Take electronics apart, build them better and faster than before. Work with machines to do real work (not just theory). Study in small classes and labs with mentors who know you—and your goals. The School of Technology at Michigan Technology University is for crazy smart students looking to create the future.
Technologists fill a critical need in business and industry for supervisors and managers who possess a combination of technical and managerial backgrounds. The ability of Technology graduates to contribute on the job from day one increases their value while providing them professionally rewarding opportunities with significant potential for advancement in the high-skill, high-wage, and high-demand "gold collar" careers.
Learn more about our five undergraduate programs below.
Computer network and system administration, or CNSA, is one of Michigan Tech’s fastest-growing degree programs. Our graduates are in high demand for their skills in building and managing computer networks.
As a CNSA major, you will learn to build and troubleshoot computer networks and manage massive databases effectively and securely.
A degree in construction management prepares you to take charge of building projects, from industrial buildings and roads to homes and hospitals.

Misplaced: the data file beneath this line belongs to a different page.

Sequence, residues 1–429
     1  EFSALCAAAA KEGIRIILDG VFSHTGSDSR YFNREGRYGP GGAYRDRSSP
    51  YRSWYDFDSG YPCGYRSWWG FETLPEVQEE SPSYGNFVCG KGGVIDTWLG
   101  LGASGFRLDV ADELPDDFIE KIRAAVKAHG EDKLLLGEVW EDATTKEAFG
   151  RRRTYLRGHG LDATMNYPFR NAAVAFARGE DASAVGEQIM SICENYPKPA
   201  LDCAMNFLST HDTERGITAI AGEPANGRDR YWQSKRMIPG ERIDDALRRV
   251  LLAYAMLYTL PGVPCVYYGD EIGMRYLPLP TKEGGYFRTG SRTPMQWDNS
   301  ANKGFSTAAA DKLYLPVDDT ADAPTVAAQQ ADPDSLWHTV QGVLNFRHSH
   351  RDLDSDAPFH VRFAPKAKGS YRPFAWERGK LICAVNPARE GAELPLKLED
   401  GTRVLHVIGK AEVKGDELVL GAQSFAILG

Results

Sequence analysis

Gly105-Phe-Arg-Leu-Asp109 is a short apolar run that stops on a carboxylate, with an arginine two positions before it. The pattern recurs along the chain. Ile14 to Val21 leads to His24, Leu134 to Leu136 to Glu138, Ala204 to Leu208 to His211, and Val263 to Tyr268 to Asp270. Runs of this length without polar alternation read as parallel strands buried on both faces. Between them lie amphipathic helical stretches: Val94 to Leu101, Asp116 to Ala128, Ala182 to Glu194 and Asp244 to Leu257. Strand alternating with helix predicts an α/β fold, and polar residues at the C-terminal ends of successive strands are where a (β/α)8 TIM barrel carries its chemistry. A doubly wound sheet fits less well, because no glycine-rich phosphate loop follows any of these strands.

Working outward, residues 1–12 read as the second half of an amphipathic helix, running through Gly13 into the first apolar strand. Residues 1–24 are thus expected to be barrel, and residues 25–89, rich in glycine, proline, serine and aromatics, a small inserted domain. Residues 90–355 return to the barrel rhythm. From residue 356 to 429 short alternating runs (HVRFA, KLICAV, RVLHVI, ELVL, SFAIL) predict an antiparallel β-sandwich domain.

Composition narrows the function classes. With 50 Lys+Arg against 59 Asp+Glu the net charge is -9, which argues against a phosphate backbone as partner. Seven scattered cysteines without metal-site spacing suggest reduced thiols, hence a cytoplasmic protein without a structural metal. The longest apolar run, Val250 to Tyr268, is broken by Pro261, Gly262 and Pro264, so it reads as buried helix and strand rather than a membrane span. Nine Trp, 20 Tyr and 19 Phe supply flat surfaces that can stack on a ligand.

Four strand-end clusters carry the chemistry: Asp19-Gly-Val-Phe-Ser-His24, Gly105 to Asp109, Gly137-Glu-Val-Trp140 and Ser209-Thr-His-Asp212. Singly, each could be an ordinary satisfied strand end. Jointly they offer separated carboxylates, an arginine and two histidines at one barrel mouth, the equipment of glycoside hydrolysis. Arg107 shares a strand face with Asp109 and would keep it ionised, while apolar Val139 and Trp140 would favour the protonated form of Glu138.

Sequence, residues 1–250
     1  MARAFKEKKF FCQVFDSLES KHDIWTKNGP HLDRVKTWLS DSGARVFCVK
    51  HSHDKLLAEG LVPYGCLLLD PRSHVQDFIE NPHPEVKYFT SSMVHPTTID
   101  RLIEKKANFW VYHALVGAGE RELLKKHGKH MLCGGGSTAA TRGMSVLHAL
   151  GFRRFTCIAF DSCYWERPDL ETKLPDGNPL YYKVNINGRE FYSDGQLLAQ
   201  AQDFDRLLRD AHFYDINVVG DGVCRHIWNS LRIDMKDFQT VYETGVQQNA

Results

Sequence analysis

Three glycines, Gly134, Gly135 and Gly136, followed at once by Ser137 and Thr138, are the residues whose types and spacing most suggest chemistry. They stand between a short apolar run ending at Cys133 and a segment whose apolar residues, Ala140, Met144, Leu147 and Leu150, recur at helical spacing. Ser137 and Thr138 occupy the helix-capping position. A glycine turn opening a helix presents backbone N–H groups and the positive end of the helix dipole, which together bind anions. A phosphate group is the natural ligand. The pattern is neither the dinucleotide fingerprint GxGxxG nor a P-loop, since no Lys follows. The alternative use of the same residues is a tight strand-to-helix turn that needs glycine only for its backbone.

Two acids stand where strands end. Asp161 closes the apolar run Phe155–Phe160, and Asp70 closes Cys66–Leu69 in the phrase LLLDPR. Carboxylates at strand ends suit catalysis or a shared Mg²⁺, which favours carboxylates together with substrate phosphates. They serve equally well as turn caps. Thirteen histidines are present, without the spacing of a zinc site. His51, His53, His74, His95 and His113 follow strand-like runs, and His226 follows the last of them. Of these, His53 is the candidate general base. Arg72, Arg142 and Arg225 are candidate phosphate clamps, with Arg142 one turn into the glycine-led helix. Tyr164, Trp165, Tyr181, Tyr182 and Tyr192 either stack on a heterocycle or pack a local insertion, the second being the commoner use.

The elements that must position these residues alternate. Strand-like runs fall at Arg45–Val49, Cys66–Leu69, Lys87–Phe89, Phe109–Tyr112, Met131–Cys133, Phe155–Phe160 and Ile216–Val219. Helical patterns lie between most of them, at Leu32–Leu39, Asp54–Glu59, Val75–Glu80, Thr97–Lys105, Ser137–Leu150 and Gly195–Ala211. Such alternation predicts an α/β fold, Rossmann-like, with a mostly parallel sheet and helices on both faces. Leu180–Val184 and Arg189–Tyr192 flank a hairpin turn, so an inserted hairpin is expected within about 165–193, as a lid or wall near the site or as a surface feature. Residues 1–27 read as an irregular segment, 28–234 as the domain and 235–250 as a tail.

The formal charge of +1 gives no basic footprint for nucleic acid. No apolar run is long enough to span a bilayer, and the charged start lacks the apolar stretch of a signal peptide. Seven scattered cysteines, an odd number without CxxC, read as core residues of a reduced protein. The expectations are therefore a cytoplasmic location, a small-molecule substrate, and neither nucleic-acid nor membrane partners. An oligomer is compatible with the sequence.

It’s a demanding profession that sometimes requires long hours, but the rewards can be great. The average starting salary our recent graduates reported was over $60,000.
You love to tinker with electronic gadgets, or maybe you’re just fascinated by how things work, from robots to TVs to toasters. Electrical engineering technology could be your dream major.
EET majors master the fundamentals of electronics and electrical power. By the time you graduate, you will have the design, drafting, and technical skills to put engineering ideas into action.
Mechanical Engineering Technology is a great fit for students who want to take a hands-on approach to mechanical engineering.
Mechanical engineering technologists often bridge the theoretical world of the engineer and the practical approach of the skilled workforce. MET graduates are problem solvers, and they can adapt product designs, saving their companies time and money.
If you like math, computing, and the outdoors, you may have what it takes to be a surveying engineer.
Surveying engineers measure the physical features of the Earth with great precision. They verify and establish land boundaries and are key players in the design and layout of infrastructure, including roads, bridges, and cell phone towers.